The business results were impressive from 2012 through 2014 - increasing 33%. Yet here's where the share price really took off - increasing nearly 150% in just two years. In 2014 alone earnings were 20% higher and yet the share price jumped 90%.

You can make up all sorts of reasons, but I'd go back to the investor psychology described above. For years you had share price performance trailing business performance. So the earnings multiple kept getting lower and lower. And eventually enough people woke up and said, "Whoa, Kroger is still growing at a nice clip but is only trade at 10 times earnings." This sentiment was quickly realized in the way of a materially higher share price: the earnings multiple jumped from around 10.5 all the way up near 20.

Indeed, this could have been a bit "too far, too fast." This fiscal year (2016, but ends in January 2017) earnings are expected to top out around $2.10 - $2.15 or so. So that means that earnings would be up about 20% in the last two years - still quite impressive. Yet the share price is actually down 5% or thereabouts during this time. The valuation has drifted down towards 15 or 16 times earnings.

That's a rollercoaster ride. And if you're not prepared for it the investing world can be a tough place to stomach. Yet if you recognize that there will be natural ebbs and flows, and embrace rather than fight them, this is when things start to get fun.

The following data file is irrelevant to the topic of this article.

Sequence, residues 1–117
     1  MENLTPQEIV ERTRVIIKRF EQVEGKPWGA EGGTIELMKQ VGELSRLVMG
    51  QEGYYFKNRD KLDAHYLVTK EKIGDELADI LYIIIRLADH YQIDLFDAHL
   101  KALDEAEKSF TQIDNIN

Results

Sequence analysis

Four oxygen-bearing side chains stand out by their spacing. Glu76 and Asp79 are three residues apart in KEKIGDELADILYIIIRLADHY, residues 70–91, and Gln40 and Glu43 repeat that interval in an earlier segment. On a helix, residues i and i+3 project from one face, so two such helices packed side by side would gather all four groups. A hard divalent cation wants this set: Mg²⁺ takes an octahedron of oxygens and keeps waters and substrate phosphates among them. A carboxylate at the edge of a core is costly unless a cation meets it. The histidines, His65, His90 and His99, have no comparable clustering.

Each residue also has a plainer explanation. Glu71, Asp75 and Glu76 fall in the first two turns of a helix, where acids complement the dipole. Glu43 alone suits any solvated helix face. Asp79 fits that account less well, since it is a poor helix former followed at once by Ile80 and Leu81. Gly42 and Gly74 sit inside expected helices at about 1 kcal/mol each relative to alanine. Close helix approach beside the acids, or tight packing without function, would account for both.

I could have told you the exact earnings performance of Kroger over the last 20 years, and still many would get the short-term outcome wrong. Over the long-term your guess might have been nearly on the money. Yet in the short-term, and were still talking years here, you could be off by great orders of magnitude.

As it shares stand today, with a "reasonable" valuation near 15 times earnings, you might expect share price performance to more or less track business performance over the long-term. I believe that's a fair presumption. It doesn't mean it's right, but it's fair. The important part to remember is that this doesn't happen in a nice linear fashion. Instead, you can see frequent bouts of share price performance greatly trailing or cruising past the more stable results provided by the business. Keep this in mind, and you'll be well ahead in the investor psychology department.

Disclosure: I/we have no positions in any stocks mentioned, and no plans to initiate any positions within the next 72 hours.

I wrote this article myself, and it expresses my own opinions. I am not receiving compensation for it (other than from Seeking Alpha). I have no business relationship with any company whose stock is mentioned in this article.